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The environments of high-redshift radio galaxies and quasars : probes of protoclusters.

Orsi, Á. A. and Fanidakis, N. and Lacey, C. G. and Baugh, C. M. (2016) 'The environments of high-redshift radio galaxies and quasars : probes of protoclusters.', Monthly notices of the Royal Astronomical Society., 456 (4). pp. 3827-3839.

Abstract

We use the GALFORM semi-analytical model to study high-density regions traced by radio galaxies and quasars at high redshifts. We explore the impact that baryonic physics has upon the properties of galaxies in these environments. Star-forming emission-line galaxies (Ly α and H α emitters) are used to probe the environments at high redshifts. Radio galaxies are predicted to be hosted by more massive haloes than quasars, and this is imprinted on the amplitude of galaxy overdensities and cross-correlation functions. We find that Ly α radiative transfer and active galactic nucleus feedback indirectly affect the clustering on small scales and also the stellar masses, star formation rates and gas metallicities of galaxies in dense environments. We also investigate the relation between protoclusters associated with radio galaxies and quasars, and their present-day cluster descendants. The progenitors of massive clusters associated with radio galaxies and quasars allow us to determine an average protocluster size in a simple way. Overdensities within the protoclusters are found to correlate with the halo descendant masses. We present scaling relations that can be applied to observational data. By computing projection effects due to the wavelength resolution of modern spectrographs and narrow-band filters, we show that the former have enough spectral resolution to map the structure of protoclusters, whereas the latter can be used to measure the clustering around radio galaxies and quasars over larger scales to determine the mass of dark matter haloes hosting them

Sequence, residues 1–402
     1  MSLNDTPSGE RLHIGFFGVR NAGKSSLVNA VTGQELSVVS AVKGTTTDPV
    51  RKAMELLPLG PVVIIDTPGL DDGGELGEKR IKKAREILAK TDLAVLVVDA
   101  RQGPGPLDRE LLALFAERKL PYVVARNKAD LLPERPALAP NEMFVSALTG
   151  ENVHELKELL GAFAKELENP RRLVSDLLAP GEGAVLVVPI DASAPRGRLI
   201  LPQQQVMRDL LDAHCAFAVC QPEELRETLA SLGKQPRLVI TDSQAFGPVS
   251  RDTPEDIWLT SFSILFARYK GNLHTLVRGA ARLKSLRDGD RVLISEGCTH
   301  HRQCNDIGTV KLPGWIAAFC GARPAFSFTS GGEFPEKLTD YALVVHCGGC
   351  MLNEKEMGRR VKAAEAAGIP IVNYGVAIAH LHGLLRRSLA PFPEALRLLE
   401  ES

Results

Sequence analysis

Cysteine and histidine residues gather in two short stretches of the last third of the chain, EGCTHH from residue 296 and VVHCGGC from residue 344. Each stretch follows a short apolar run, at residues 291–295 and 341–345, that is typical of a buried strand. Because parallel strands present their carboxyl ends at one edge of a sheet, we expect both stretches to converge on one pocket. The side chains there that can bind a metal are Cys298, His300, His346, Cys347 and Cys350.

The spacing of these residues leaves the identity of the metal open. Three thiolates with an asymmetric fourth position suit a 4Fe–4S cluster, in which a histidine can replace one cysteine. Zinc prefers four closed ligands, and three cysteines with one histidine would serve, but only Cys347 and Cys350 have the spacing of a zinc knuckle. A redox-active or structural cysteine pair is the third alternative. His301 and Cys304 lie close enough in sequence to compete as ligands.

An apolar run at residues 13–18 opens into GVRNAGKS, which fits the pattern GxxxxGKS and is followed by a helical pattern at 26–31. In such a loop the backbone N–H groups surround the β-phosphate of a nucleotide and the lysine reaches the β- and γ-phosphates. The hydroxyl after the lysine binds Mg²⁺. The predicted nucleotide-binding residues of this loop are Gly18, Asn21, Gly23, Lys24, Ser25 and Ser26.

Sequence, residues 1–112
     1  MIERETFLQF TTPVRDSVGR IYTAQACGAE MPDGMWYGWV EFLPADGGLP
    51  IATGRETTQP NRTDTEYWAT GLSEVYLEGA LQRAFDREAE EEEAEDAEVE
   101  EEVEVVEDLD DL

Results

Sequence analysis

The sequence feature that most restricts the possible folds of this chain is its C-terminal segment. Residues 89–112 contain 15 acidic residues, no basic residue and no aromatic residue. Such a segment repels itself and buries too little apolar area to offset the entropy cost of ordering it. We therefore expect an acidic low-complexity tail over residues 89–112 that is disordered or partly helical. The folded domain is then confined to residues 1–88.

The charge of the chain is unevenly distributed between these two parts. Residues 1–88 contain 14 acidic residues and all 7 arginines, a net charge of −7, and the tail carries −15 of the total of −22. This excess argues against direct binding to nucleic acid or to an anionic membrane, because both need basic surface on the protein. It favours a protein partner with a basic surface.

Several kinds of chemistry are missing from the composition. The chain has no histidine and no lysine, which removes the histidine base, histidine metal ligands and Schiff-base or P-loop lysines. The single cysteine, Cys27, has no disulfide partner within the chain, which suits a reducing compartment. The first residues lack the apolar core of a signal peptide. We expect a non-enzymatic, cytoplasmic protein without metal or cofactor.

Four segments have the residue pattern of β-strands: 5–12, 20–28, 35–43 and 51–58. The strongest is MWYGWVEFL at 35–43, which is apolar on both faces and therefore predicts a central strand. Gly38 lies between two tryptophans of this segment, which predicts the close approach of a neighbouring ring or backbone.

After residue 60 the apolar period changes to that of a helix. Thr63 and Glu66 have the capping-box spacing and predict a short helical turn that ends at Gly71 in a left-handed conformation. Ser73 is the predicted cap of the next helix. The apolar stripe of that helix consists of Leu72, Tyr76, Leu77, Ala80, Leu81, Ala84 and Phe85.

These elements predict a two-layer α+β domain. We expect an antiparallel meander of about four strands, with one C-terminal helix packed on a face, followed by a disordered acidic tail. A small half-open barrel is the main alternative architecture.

Item Type:Article
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Status:Peer-reviewed
Publisher Web site:http://dx.doi.org/10.1093/mnras/stv2919
Publisher statement:This article has been published in Monthly Notices of the Royal Astronomical Society ©: 2016 The Authors Published by Oxford University Press on behalf of the Royal Astronomical Society. All rights reserved.
Date accepted:09 December 2015
Date deposited:07 April 2016
Date of first online publication:14 January 2016
Date first made open access:07 April 2016

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